For starters, real rates stay negative on an annual basis as the average 11-month CPI inflation still remains as high as 24.52pc — down from 29.16pc a year ago though — despite a faster-than-anticipated drop in May’s inflation rates due to a high base effect, and falling food and fuel prices. Additionally, commercial banks’ non-performing loan portfolio, which is under 8pc — below its historic average — underlines that businesses are not feeling any unbearable stress on account of high inflation and record-high interest rates. Nor is there any evidence to show that the availability of cheaper money will drive up private investment in the current political-economic environment. Fears that a rate reduction will drive up imports leading to the evaporation of our meagre international reserves, thus putting pressure on the exchange rate, and increasing inflation also abound. Will the SBP bow to political pressure and cut rates, especially when inflation is projected to surpass the proposed target of 12pc for the next fiscal year because of economic stabilisation measures such as increases in the consumption tax, petroleum levy and power prices to meet the goals of the next IMF programme? We will know once the next monetary policy is announced on Monday.

Published in Dawn, June 5th, 2024

Out of time

TODAY, on World Environment Day, we must confront a sobering truth: an alarming 40pc of the planet’s land is degraded, putting our very survival at peril. This year, the day is centred on land restoration, desertification, and drought resilience. Globally, efforts towards land restoration and combating desertification are encouraging, but the path ahead is daunting. The UN Decade on Ecosystem Restoration (2021-2030) aims to revive ecosystems worldwide. However, with droughts increasing by 29pc since 2000 and projections that, by 2050, droughts may affect over three-quarters of the world’s population, urgent action is required. For Pakistan, these challenges are particularly acute. With more than 60pc of its land classified as rangeland and a mere 4.8pc forest cover, Pakistan is highly susceptible to desertification. The consequences are dire: loss of soil fertility, reduced farm output, and severe impacts on food security and livelihoods. The Indus delta, for instance, has shrunk dramatically due to poor water management and rising salinity, exacerbating matters.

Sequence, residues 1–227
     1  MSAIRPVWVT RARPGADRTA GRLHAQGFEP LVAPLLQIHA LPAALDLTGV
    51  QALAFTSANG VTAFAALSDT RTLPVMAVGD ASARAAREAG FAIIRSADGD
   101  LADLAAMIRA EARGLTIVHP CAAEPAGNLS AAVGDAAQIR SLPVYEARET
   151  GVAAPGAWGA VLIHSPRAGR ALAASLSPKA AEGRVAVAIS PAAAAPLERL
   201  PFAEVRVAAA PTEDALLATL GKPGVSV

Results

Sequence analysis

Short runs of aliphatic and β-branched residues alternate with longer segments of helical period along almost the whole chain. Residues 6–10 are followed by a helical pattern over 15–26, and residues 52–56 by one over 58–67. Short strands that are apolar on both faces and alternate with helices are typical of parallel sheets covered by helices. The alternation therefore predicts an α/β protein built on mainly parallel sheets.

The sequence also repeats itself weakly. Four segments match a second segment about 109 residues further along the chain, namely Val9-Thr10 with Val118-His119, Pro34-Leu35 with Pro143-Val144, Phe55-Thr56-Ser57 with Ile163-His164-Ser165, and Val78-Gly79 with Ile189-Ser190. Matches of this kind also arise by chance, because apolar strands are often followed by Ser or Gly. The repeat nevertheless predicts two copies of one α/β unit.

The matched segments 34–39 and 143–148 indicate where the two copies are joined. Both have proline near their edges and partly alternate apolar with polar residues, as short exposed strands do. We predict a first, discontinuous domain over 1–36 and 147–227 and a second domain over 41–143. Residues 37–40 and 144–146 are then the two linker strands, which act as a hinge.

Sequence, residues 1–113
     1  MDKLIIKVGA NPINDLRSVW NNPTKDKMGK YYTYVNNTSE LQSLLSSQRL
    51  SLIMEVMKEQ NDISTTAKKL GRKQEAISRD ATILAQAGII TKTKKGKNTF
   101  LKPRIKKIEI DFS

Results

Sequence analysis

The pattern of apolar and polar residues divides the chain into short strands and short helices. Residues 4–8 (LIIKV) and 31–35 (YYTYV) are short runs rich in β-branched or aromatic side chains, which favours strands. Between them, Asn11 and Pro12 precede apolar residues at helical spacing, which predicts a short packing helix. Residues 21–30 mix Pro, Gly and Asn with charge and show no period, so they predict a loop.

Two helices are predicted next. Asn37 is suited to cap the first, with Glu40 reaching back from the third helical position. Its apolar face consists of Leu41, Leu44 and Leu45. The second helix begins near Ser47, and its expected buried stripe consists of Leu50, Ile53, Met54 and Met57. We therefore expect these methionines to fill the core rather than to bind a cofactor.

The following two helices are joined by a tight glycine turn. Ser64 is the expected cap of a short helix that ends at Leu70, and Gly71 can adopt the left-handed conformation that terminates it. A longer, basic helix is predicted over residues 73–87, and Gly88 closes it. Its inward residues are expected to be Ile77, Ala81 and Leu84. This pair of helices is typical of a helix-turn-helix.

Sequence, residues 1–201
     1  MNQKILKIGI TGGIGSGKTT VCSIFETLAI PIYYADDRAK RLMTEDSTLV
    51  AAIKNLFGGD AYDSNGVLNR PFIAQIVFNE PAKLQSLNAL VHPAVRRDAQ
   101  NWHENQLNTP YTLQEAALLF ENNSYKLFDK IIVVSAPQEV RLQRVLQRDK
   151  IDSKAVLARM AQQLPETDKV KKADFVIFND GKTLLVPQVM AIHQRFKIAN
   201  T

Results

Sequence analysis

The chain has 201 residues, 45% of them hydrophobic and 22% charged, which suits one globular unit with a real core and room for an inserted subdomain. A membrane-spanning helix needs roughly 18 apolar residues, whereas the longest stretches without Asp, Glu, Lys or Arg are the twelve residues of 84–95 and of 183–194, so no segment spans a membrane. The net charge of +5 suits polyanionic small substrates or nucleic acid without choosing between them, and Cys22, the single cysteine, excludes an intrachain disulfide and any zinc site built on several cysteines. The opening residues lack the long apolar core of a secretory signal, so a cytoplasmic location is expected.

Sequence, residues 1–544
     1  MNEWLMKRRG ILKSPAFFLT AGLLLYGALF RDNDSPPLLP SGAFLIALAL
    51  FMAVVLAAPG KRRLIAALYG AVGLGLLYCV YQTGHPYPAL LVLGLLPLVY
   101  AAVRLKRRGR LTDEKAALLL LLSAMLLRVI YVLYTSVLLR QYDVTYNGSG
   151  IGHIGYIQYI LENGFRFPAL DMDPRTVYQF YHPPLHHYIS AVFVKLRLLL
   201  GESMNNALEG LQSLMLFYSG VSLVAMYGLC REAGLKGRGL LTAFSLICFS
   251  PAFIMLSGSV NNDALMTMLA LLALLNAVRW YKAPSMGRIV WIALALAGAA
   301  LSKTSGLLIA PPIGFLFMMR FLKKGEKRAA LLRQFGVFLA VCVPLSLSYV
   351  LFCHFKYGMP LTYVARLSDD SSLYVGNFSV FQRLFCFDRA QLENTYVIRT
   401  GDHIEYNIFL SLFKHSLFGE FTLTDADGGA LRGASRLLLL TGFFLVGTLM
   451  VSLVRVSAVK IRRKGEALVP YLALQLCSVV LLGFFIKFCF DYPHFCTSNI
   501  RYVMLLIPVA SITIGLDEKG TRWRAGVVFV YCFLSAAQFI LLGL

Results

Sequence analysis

The government must make the issue a top priority. First off, reforestation and afforestation initiatives, which not only enhance biodiversity but also help in carbon sequestration, are essential. The Green Pakistan Initiative and similar programmes should be expanded and rigorously monitored. In addition, sustainable farm practices must be promoted. The use of drip irrigation, adoption of drought-resistant crop varieties, and soil conservation techniques are crucial. Agroforestry and conservation agriculture can mitigate land degradation and enhance climate resilience. Moreover, with Pakistan identified by the UN as among the countries facing drought emergencies, water management needs urgent reform. Our use should be efficient and we must develop infrastructure for rainwater harvesting and groundwater recharge. Policies should focus on reducing wastage in agriculture, which accounts for the bulk of water use in the country. A major component in combating desertification is community involvement. Empowering local communities with knowledge and resources to adopt sustainable practices can foster a culture of conservation. Incentives for farmers to practise soil conservation and water-saving techniques are vital. Pakistan must also strengthen its legislation to protect natural resources. Strict enforcement of laws against illegal logging, land conversion, and overgrazing is necessary to curb further degradation. We must commit to protecting our land because we are running out of time.

Published in Dawn, June 5th, 2024

June 13, 2024

About The CSS Point

The CSS Point is the Pakistan 1st Free Online platform for all CSS aspirants. We provide FREE Books, Notes and Current Affairs Magazines for all CSS Aspirants.

The CSS Point - The Best Place for All CSS Aspirants

July 2024
Template Design © The CSS Point. All rights reserved.